The Development of a Critical International Situation
This chapter discusses the unfolding of a critical international situation that approached becoming a crisis in the Middle East region. It ultimately involved individual nation states both in the Middle East and elsewhere, international organizations, international conferences, individual business firms in several nations, and above all, the threat of war. After beginning with the chemical weapons context during the late 1980s, the chapter moves on to examine U.S. sensitivity to the spread of chemical weapons. As a counterpoint to American policy, the Libyan orientation to the United States is briefly examined. All of these topics are preliminary to the main body of the chapter, which focuses on the details of confrontations between the United States, Libya, and the international community regarding the discovery of what was charged to be a Libyan chemical weapons production facility.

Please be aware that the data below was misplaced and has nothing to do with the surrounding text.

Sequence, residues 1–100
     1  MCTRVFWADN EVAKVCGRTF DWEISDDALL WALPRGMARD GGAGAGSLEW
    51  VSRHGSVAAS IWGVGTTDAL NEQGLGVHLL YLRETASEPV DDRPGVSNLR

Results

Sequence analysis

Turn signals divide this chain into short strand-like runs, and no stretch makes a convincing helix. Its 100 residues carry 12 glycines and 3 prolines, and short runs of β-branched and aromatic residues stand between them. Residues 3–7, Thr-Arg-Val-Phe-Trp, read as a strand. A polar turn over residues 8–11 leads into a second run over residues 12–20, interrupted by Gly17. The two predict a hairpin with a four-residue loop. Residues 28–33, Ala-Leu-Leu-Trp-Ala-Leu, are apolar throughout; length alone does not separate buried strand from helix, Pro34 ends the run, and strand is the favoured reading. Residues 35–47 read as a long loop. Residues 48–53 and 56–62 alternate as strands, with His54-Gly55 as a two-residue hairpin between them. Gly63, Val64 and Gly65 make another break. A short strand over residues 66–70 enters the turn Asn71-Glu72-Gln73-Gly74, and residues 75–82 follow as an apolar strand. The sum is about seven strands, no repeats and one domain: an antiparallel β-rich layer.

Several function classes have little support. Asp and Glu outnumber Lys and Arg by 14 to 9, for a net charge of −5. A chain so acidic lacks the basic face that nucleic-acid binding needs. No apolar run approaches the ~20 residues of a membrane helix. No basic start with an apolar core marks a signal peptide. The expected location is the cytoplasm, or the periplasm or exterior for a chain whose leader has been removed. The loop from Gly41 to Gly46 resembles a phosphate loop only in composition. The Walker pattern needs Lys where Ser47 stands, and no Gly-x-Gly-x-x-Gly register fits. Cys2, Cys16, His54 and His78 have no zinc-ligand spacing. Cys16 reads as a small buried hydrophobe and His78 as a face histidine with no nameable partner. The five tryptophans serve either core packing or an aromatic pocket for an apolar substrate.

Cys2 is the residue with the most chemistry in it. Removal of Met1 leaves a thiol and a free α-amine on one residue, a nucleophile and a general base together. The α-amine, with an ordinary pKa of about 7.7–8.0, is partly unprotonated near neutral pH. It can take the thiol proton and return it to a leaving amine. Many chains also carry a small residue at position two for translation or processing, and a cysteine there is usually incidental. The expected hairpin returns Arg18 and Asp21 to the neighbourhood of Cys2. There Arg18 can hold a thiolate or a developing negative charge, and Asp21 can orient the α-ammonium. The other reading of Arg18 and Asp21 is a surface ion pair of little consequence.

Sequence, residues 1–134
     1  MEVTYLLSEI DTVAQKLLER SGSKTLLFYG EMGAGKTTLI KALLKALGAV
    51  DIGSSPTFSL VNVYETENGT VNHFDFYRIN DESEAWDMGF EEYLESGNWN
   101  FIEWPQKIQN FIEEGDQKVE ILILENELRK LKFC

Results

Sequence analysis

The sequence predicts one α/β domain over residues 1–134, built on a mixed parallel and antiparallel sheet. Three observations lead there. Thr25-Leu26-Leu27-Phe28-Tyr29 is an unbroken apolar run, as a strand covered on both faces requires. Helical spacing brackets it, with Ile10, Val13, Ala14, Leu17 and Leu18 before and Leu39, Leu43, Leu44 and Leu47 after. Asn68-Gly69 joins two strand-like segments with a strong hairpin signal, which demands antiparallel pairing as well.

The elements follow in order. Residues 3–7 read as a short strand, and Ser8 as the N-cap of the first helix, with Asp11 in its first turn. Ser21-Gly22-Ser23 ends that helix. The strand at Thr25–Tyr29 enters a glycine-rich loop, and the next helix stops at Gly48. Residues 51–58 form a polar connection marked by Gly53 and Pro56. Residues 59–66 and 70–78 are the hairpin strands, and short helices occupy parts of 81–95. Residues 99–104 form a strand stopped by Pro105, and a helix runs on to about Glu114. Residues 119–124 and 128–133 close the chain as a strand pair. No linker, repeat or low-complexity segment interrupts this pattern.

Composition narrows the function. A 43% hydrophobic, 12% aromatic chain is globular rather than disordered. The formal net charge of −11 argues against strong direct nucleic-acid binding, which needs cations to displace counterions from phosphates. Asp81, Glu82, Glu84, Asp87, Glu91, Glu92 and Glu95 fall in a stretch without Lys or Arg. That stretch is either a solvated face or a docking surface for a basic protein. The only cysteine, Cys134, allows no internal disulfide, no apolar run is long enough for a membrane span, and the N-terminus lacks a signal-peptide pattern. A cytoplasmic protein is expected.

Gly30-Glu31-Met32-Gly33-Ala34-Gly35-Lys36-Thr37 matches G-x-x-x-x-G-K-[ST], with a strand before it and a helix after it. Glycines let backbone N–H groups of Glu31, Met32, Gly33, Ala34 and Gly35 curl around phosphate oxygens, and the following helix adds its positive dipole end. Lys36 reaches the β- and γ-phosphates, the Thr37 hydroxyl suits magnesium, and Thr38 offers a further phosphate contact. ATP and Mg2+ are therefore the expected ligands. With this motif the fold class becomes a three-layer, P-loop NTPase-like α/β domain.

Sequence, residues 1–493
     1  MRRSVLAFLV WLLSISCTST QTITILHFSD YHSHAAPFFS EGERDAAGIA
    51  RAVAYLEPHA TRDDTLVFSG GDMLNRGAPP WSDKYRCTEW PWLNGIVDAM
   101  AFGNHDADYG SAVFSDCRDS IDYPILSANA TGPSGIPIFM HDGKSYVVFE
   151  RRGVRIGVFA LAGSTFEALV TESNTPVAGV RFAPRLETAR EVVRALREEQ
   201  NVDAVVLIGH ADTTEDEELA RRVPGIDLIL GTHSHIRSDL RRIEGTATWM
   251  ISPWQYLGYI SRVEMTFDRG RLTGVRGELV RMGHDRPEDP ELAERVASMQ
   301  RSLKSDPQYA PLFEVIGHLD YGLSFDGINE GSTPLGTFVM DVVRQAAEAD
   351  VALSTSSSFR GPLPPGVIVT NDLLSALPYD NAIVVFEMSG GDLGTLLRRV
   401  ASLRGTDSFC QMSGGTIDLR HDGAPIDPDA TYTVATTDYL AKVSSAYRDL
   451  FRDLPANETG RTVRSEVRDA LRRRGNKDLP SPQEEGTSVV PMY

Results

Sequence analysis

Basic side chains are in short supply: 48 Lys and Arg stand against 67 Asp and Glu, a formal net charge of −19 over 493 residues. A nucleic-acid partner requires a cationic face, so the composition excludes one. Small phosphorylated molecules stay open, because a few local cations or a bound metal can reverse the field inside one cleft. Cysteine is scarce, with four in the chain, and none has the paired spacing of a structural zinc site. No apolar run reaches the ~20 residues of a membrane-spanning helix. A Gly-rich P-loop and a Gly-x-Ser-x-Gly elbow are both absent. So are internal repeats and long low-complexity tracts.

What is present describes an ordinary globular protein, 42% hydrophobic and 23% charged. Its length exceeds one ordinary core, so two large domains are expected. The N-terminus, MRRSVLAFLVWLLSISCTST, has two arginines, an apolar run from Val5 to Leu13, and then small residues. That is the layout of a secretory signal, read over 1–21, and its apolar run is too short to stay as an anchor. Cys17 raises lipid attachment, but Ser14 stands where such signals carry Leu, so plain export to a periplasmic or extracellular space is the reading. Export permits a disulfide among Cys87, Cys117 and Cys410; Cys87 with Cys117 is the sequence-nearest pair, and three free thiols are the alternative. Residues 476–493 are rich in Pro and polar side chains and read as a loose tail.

In the three years preceding the December 1987 U.S. charge that Libya was building a chemical weapons factory, relatively little attention was paid to chemical weapons. For the most part, the attention of military establishments and arms control bodies was focused on nuclear weapons and, to a lesser but still significant extent, on conventional forces. This orientation was reflected in the formal speeches and statements in which heads of state and other officials addressed arms control questions. It is probably safe to say that chemical weapons represented an isolated afterthought when the statesmen of the world discussed military questions.
This was true in spite of the fact that there had been some use of chemical weapons during the Iran-Iraq War. Indeed, a United Nations appraisal team had concluded that Iraq had been using